Getting Through What You Can't Get Over

My Way of Paying It Forward

Like a fine wine, writers get better with age — let’s face it, the more life we’ve lived, the more we have to offer. Deeper insights, decisions tempered with wisdom, balanced viewpoints, lessons learned, and the list goes on.

If we inspire or motivate one soul, if we can help someone face their pain and cry healing tears, or laugh out loud when they’re experiencing difficult moments, I think we should at least try. It’s the ultimate example of paying it forward. This is the very reason I wrote, Getting Through What You Can’t Get Over.

If we justify not putting words on the page or excuse ourselves due to age, then we hoard our gifts and steal from others. No matter how old we are, if we are writers, we should write. It’s never too late to start writing…whether for the first time, or for the first time on a new project. No matter how many birthdays we celebrate, we have something to offer.

Oh Yeah, It’s Not About Me

Praise for my work is as difficult for me to handle well as rejection. In a different way, of course. Praise doesn’t crush my self-esteem, destroy my confidence, and send me to bed with a carton of Ben & Jerry’s Chunky Monkey ice cream. But it has the potential to be just as destructive.

woman prayingPraise for my writing can go straight to my head.

Don’t get me wrong. I love it. But sometimes I love it a little too much. Occasionally I take the very dangerous turn from loving it to needing it. Craving it, even. I collect the glowing adjectives carefully and methodically, like rookie baseball cards, and store them away in my mind to bring out in times of flagging faith in my writing ability.

I forget that this isn’t about me. That I didn’t give myself the gift. I didn’t invent imagination. I didn’t come up with the ideas for the stories. I’m not my own source of creativity. And my glory is not the intended result of any of the above.

It is all from him and for him. This is supposed to be my mantra. I’m having it engraved on a piece of jewelry as we speak. To remind me why I do what I do. How I do what I do.
And I need to be reminded, constantly.

Christians have long found themselves in a quandary over how, when and to whom to extend praise. As a kid, I attended many churches where the congregation refused to clap after a performance. The idea, I assume, was to impart to the musician that he or she should not expect to receive any kind of affirmation or reward for using their talents. God alone should receive the praise.

I understand the sentiment. But even as a kid I had trouble seeing how the awkward silence following a performance, the deliberate withholding of an expression of gratitude and pleasure, truly glorified God.

On the one hand, as believers we are to support and encourage one another, and to give the workman his due. On the other hand, it is true that every gift and ability we have is a gift from God and is intended for his glory and not our own.

I wrestle with this tension, and I suspect I am not alone. Yes, I enjoy and appreciate receiving affirmation of my work and in affirming the work of others. And yes, I believe all glory belongs to God without whom I am nothing and can do nothing. Can these two truths be reconciled?

Only when, through the grace of God and the working of the Holy Spirit, I am able to examine the attitude of my heart and the motivation behind my work to ensure both are pure.

If my sole purpose for writing is to share the stories he has given me in order to bless others and draw them to him, I can in good conscience accept the affirmation from someone that the blessing has been received.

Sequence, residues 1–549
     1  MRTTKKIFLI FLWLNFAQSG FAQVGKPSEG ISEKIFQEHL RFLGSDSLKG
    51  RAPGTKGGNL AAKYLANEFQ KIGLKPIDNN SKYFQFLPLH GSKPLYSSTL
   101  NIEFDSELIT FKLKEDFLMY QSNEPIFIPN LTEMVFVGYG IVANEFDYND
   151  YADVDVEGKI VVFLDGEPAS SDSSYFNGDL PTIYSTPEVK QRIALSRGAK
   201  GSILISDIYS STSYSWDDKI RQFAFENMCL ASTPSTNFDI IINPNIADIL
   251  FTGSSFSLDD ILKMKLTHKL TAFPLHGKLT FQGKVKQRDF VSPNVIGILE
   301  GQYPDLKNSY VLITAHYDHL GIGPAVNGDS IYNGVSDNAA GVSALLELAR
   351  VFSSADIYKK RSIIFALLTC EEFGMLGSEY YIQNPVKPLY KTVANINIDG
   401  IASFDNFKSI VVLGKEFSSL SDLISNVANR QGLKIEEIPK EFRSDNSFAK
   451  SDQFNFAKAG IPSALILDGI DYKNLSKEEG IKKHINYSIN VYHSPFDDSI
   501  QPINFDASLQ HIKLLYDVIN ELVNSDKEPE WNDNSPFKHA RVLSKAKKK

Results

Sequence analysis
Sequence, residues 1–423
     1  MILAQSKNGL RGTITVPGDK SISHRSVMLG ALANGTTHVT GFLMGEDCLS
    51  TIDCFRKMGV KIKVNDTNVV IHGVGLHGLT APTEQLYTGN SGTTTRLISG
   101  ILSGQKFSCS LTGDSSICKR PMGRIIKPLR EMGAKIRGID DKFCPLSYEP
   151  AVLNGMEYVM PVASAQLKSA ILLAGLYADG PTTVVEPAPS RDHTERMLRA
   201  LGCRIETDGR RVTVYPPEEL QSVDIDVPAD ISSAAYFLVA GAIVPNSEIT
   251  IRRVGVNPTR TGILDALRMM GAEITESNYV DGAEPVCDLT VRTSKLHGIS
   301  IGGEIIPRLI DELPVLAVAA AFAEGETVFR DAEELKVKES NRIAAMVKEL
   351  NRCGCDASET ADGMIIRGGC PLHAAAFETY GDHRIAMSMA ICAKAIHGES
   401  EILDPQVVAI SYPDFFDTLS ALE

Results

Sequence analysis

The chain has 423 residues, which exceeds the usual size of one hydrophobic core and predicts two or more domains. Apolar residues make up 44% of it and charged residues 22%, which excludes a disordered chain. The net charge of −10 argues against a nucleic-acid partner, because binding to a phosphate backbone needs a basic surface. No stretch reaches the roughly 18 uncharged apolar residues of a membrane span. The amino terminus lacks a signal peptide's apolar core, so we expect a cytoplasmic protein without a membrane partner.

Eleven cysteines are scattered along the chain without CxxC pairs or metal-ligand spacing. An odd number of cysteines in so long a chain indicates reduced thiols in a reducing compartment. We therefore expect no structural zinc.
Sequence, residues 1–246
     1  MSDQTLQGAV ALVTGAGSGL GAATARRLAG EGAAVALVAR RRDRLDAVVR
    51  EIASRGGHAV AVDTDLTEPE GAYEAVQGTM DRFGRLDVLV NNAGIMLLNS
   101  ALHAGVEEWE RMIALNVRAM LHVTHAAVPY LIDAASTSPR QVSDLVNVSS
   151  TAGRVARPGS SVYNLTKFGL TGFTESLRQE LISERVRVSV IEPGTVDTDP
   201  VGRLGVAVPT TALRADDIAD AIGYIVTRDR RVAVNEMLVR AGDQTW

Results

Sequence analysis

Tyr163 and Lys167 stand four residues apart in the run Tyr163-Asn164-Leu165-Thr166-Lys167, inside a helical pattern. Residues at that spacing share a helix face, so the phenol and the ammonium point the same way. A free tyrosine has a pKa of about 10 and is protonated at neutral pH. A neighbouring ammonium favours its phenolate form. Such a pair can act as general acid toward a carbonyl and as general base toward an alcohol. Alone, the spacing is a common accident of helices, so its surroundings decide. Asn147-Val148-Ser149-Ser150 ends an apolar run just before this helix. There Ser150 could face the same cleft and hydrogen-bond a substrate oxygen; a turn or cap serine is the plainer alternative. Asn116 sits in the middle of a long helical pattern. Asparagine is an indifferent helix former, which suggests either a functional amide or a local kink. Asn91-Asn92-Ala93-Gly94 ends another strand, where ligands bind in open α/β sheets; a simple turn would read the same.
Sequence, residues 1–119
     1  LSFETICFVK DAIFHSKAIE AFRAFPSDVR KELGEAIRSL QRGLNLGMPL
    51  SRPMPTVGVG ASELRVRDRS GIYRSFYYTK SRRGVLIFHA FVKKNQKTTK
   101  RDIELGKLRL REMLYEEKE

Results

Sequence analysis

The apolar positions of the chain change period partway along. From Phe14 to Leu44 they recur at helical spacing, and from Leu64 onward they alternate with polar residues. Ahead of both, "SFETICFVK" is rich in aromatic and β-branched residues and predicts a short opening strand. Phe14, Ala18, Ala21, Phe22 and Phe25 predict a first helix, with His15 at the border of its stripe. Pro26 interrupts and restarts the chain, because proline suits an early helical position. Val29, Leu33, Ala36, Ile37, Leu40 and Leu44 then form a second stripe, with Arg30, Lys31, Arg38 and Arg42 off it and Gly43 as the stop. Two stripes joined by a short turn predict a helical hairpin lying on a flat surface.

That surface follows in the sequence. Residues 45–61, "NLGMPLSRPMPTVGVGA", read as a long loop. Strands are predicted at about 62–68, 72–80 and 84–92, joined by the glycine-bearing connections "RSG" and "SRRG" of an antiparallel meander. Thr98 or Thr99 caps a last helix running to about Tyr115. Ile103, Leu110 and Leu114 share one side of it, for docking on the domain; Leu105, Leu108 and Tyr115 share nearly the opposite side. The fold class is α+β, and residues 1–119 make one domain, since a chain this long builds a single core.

And when I do, I will thank God for the gift he gave me and for the privilege of using it to bring him glory.

U R a Writer (So Write What You Know)

“Everyone’s talking about the Victoria’s Secret fashion show  … how this one girl wore this multi-million dollar outfit …. and how amazing they all are ….”

Books

The lights in my daughter’s eyes dash in the night.  We are up too late, pillow talk, chewing on all things girl: how it’s hard to admit when we are wrong, how friend hurts run deep, how some girls seem to get everything they want … and does that mean happiness?

We are treading the waters of the life I’ve known. It is from this pain that I have written — the pain of feeling like I was never enough

We talk about the real stuff: how love is all the soul really needs; how persevering through the thick of life makes a woman beautiful; how honor and respect are the prettiest adornments we can wear.

We learn the hard way, because the longing to be beautiful is within us, and because Jesus is and always will be the utmost answer on anything Beauty.

When I wrote More Beautiful Than You Know, I wrote to the girl I used to be; the girl my daughter now is; and the girl who was at my house yesterday, the one who didn’t want to take off her shirt to go in the pool because she stated bluntly, “I don’t have a bathing-suit body.”

I wanted to jump out of my skin and hold her — cup her heart and heal it — flood truth into the blood in her veins so that she would know she is More Beautiful Than She KnowsI wanted her to define beauty in her generosity, in her laughter that fills the sky, in her eyes which pool with humility and honor. I wanted to redefine beauty for her, in her, through her.

And I will ask my daughter if I can give my book to her friend Bella, the one named Beauty who thinks she’s not. Because I wrote it for her, because of her, and because one time I stood being measured by a line of judges against another girl and her bathing-suit body beat mine. That was the last time I felt good enough in a bikini, I’ll tell you that.

We write what we know. Write from your pain. Your core pain. The more you do, the more the wound will heal — and it heals best when it becomes healing to another.